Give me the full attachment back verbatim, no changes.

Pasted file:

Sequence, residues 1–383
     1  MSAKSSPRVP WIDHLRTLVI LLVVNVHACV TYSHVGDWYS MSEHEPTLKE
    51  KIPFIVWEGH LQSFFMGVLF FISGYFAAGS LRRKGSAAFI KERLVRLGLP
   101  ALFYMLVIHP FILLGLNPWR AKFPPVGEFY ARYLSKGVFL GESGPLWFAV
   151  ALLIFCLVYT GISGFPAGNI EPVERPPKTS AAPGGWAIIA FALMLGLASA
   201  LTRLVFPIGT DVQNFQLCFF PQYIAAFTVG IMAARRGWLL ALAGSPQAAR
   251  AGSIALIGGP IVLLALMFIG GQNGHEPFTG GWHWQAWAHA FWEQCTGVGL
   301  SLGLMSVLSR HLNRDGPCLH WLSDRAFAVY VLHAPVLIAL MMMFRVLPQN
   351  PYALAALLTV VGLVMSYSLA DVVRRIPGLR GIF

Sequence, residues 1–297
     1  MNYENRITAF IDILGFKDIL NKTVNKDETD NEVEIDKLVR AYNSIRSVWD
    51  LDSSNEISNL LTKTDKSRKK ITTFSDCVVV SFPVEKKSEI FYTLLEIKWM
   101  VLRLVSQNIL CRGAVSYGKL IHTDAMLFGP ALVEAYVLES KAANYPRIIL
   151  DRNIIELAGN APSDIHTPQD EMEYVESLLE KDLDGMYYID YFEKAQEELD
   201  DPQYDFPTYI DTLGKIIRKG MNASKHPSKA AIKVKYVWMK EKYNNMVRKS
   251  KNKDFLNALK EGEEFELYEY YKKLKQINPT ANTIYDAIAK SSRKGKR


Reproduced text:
Sequence, residues 1–383
     1  MSAKSSPRVP WIDHLRTLVI LLVVNVHACV TYSHVGDWYS MSEHEPTLKE
    51  KIPFIVWEGH LQSFFMGVLF FISGYFAAGS LRRKGSAAFI KERLVRLGLP
   101  ALFYMLVIHP FILLGLNPWR AKFPPVGEFY ARYLSKGVFL GESGPLWFAV
   151  ALLIFCLVYT GISGFPAGNI EPVERPPKTS AAPGGWAIIA FALMLGLASA
   201  LTRLVFPIGT DVQNFQLCFF PQYIAAFTVG IMAARRGWLL ALAGSPQAAR
   251  AGSIALIGGP IVLLALMFIG GQNGHEPFTG GWHWQAWAHA FWEQCTGVGL
   301  SLGLMSVLSR HLNRDGPCLH WLSDRAFAVY VLHAPVLIAL MMMFRVLPQN
   351  PYALAALLTV VGLVMSYSLA DVVRRIPGLR GIF

Sequence, residues 1–297
     1  MNYENRITAF IDILGFKDIL NKTVNKDETD NEVEIDKLVR AYNSIRSVWD
    51  LDSSNEISNL LTKTDKSRKK ITTFSDCVVV SFPVEKKSEI FYTLLEIKWM
   101  VLRLVSQNIL CRGAVSYGKL IHTDAMLFGP ALVEAYVLES KAANYPRIIL
   151  DRNIIELAGN APSDIHTPQD EMEYVESLLE KDLDGMYYID YFEKAQEELD
   201  DPQYDFPTYI DTLGKIIRKG MNASKHPSKA AIKVKYVWMK EKYNNMVRKS
   251  KNKDFLNALK EGEEFELYEY YKKLKQINPT ANTIYDAIAK SSRKGKR